We’re chugging our way through September but the DC weather will not relent. Every time I leave my house I look towards the heavens and scream, “Why?!” After some yelling I usually feel better. Refusing to let these high temperatures get me down, I pretended it was a cozy fall evening and made some steaming tomato soup. Part of me wanted to go through the work of roasting tomatoes and pureeing the soup, but the other part of me knows that crushed tomatoes exist. I took the road that required less effort and that has made all the different.
Tomato soup is obviously best eaten with a grilled cheese sandwich. In an attempt to lighten up the meal I cooked some rice instead. Is this as delicious as two slices of buttery bread perfectly enclosed around melted cheddar cheese? No, obviously not, but I didn’t feel like I needed to be carted around in a wheelbarrow after eating this. Plus, there must be 1 million grains of rice in my house so it was the financially savvy option.
- 2 tablespoons butter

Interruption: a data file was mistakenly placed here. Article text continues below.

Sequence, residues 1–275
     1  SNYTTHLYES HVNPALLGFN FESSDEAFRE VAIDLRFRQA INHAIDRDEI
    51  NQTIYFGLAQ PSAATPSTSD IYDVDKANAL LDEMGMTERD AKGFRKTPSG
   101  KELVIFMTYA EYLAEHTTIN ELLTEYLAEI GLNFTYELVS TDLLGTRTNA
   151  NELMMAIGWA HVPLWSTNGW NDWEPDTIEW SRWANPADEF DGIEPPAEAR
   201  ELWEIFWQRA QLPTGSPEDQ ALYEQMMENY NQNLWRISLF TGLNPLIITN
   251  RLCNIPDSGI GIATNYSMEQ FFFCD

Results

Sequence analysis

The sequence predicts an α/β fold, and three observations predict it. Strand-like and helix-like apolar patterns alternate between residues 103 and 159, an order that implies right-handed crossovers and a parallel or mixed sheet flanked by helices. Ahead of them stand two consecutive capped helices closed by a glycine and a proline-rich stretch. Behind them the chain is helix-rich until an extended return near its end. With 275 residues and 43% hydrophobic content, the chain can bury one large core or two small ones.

- 2 tablespoons olive oil
- 1.5 cups chopped onion
- 2 tablespoons minced garlic
- 2 teaspoon red pepper flakes
- 2 tablespoons tomato paste
- 56 ounces crushed tomatoes
- 4 cups vegetable broth
- 1/2 cup heavy cream
- Chopped basil
Servings: Maybe 200 | Serving size: One moderate sized bowl or mug
Chop the onion into small bits because they will be floating around your otherwise smooth soup.
Ah, the conveniences of a modern world.
Action shot! Check out those begonias.
Heat up the olive oil and butter in a large pot and then add the onions. Really let those melt. Then add the garlic and red pepper flakes.
Once you are satisfied with the onion softness, work in the tomato paste.
Pour in the crushed tomatoes and vegetable broth. I added broth until the soup reached a consistency I liked. I also tasted for tomato-y-ness. This is a good time to add pepper and salt as your see fit.
Let the soup simmer and sometimes boil for 20 minutes.
Meet Artichoke, my new basil plant. I have no idea how long she will last, but the grocery store had no other basil options. Will grocery stores ever stop letting me down?
I harvested Artichoke and julienned the basil. That means I cut it into long, thin strips. If you’re above using words like julienne, just chop it up and add it to the soup.
The last step is to add some cream. Add as much or as little as you want. I don’t use cream in my average life and that’s my excuse for putting in most of the container.
Give the cream a few minutes on the heat to mingle and then you’re done! Eat this soup inside with the AC beating down upon your fragile body.